A New View Of Brutalist London
All photographs by Mr Simon Phipps. De Beauvoir Estate, Dalston N1, Burley Associates for LBC Hackney, 1965–75, unlisted
Mr Simon Phipps’ new book captures the best of the capital city’s striking brutalist architecture .
The ongoing hold of mid-20th-century modernism on the popular imagination means that, for a lot of people, “good” or “tasteful” contemporary architecture means the same thing: artful simplicity; an open-plan design; big windows; lots of natural light. The concrete housing estates of 1960s and 1970s Britain are not often viewed with the same dewy-eyed fondness. But such structures, commonly brought together under the tag “brutalist”, have been undergoing a reappraisal in the past few years, according to photographer Mr Simon Phipps. “Brutalism has been having a moment for some time now,” he says. “There seems to be a newfound genuine enthusiasm and willingness to re-appraise brutalism by a new generation, some of whom weren’t even born when many of these post-war buildings were being constructed.” He attributes this enthusiasm to “both the compellingly dramatic architectural image presented by brutalist buildings and the social message they represent”. “Social housing,” he says, “allowed council tenants to live anywhere in the city in housing that was modern, well-designed, spacious by today’s standards, and most importantly affordable – something that is resoundingly lacking today.”
Dunboyne Road Estate, Gospel Oak NW3, Neave Brown for Camden Architects’ Department, 1971–77, grade-II listed
In his new book Brutal London, Mr Phipps expounds upon his clear passion for brutalist architecture, in a collection of his own black–and–white shots of such properties as the Thamesmead development in London (where Mr Stanley Kubrick shot many scenes of his 1971 film A Clockwork Orange) and the Barbican Centre, as well as many under-appreciated properties such as Robin Hood Gardens in Poplar, Tower Hamlets, or the Cotton Gardens estate in Kennington, Lambeth. The book, arranged in boroughs with accompanying maps, functions as something of a walking guide to London’s best brutalist buildings, accompanied by thoughtful notes from Mr Phipps that offer convincing, and somewhat romantic interpretations of these buildings’ austere geometry and physical narratives. Entering the Triangle Estate in Islington, he says, is “rather like passing through the ramparts into the inner keep of a medieval castle”. The Lockner Estate on Kingsland Road, Hackney, is “reminiscent of De Chirico’s metaphysical paintings”. If it sounds like something of a labour of love, it was. “There were plenty of areas of which I had little knowledge and the intensive experience of navigating and making fresh discoveries while exploring these new geographies was one of the many pleasures of making this book,” says Mr Phipps. “Much of the photography needed to fill the gaps in my existing collection was done over a period of four months alongside researching and writing the text and the book being designed – quite a frantic time!”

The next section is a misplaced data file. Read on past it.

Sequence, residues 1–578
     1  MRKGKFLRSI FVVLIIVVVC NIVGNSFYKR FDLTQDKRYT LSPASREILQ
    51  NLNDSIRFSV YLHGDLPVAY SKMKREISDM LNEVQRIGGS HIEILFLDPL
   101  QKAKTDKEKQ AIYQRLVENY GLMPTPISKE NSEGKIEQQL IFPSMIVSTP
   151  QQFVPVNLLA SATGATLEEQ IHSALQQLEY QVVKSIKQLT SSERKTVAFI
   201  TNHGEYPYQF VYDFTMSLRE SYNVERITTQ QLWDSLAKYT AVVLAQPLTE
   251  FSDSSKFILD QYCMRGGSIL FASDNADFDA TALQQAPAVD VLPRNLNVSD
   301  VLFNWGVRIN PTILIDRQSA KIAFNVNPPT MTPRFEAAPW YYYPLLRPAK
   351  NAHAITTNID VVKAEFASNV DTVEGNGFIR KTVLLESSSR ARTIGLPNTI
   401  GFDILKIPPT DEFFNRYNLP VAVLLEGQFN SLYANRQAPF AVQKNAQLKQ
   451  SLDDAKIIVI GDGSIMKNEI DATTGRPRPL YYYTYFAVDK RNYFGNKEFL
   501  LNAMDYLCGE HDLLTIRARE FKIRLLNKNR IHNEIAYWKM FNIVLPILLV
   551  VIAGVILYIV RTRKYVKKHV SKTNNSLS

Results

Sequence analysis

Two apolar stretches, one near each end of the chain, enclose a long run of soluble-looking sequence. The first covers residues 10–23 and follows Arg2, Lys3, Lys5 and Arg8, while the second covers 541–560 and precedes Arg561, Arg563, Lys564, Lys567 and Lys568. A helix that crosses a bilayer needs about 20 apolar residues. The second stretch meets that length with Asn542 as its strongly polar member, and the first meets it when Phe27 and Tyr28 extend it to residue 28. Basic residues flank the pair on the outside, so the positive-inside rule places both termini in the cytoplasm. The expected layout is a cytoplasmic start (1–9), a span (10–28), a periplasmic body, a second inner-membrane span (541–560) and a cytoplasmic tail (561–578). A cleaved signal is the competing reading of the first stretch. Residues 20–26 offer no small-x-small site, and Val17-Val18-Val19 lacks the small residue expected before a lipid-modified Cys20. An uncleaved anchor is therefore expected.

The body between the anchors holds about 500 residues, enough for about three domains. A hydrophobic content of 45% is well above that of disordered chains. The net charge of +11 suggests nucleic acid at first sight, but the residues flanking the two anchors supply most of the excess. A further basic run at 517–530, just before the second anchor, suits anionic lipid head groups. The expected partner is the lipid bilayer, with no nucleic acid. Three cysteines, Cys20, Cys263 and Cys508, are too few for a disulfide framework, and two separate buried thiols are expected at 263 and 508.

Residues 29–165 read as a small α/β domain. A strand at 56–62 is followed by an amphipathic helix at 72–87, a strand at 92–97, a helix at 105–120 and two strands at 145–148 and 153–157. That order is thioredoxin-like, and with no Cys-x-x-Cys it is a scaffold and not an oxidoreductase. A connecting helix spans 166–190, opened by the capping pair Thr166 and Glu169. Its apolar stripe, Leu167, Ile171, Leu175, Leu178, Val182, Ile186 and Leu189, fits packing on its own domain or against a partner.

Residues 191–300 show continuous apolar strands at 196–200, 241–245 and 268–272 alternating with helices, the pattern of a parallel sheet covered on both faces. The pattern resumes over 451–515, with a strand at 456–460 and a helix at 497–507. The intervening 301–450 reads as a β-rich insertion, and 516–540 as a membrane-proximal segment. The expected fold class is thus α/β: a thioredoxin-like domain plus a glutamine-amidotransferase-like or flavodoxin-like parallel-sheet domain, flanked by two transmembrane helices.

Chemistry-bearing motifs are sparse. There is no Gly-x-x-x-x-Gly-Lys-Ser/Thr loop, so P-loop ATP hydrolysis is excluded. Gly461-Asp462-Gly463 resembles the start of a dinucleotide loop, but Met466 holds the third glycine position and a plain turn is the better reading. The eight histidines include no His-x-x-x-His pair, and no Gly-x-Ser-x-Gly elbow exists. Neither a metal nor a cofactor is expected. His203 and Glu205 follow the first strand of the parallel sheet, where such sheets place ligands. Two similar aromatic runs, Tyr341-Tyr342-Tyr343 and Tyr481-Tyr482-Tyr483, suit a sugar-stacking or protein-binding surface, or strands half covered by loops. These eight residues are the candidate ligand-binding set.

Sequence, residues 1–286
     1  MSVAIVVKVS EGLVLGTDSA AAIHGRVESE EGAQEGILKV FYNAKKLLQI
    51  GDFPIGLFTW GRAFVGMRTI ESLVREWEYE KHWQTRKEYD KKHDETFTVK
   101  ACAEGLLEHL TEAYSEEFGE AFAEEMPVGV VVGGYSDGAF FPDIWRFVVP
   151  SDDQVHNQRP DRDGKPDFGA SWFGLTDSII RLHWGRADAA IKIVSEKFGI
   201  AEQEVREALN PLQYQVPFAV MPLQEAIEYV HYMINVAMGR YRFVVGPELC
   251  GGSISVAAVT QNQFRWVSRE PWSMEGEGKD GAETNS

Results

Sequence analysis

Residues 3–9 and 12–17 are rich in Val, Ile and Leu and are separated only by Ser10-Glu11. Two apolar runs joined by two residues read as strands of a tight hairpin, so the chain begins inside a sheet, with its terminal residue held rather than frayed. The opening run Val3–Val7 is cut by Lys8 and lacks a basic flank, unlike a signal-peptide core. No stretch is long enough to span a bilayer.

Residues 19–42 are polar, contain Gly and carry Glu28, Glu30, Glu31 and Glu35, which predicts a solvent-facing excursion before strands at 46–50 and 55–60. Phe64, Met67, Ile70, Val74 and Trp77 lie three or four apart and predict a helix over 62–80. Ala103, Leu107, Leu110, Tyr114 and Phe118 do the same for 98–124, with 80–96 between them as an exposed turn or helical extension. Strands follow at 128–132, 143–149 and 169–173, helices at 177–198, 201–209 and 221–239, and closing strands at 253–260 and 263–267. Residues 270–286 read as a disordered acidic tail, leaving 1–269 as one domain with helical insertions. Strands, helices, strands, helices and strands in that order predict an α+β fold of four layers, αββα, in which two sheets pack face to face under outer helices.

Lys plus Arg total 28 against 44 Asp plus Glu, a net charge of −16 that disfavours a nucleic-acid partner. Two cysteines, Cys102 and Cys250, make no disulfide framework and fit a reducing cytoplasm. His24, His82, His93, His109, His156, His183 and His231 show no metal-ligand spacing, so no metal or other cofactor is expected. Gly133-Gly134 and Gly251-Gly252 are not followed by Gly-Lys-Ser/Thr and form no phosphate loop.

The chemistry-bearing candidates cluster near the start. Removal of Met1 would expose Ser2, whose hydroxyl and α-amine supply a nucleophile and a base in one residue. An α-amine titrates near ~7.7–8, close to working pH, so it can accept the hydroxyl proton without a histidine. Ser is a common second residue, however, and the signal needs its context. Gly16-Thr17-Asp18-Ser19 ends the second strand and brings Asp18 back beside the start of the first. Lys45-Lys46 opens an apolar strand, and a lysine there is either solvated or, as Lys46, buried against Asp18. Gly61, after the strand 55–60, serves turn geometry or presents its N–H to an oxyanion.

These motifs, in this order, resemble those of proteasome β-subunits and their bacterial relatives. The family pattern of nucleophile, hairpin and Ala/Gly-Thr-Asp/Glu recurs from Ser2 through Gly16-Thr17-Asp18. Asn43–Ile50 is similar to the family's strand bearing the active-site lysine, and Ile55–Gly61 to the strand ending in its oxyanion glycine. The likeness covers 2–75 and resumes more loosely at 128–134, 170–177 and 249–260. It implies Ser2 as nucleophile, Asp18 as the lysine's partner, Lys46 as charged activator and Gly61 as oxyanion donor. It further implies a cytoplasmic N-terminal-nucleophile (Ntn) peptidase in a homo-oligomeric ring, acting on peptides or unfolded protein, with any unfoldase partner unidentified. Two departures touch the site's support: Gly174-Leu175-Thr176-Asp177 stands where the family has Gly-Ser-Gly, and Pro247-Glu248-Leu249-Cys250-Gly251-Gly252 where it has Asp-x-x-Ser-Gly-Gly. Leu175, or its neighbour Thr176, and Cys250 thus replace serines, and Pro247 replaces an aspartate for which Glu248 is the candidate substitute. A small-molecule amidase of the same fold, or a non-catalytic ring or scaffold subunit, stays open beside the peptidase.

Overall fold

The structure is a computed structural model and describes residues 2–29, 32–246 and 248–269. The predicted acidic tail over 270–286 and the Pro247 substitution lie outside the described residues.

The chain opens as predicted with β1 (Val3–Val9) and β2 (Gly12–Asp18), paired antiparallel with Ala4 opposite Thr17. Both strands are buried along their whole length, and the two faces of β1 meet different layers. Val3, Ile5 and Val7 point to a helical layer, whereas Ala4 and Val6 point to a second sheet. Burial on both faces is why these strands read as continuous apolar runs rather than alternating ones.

Institute of Education, University College London, Bloomsbury WC1, Denys Lasdun and Partners for UCL, 1970–76, grade-II listed
Alongside Mr Phipps’ clear enthusiasm for the currently somewhat maligned project of social housing, the book also celebrates the sheer beauty of these buildings (despite the fact that many of them are not in particularly good condition). Why are they so good to photograph? Mr Phipps attributes it to their “expressive and wonderfully sculptural qualities”. Of course, the best way to experience such important works of British architecture is to go and see them yourself. Luckily, with its handy maps and notes, this book makes all that rather easy.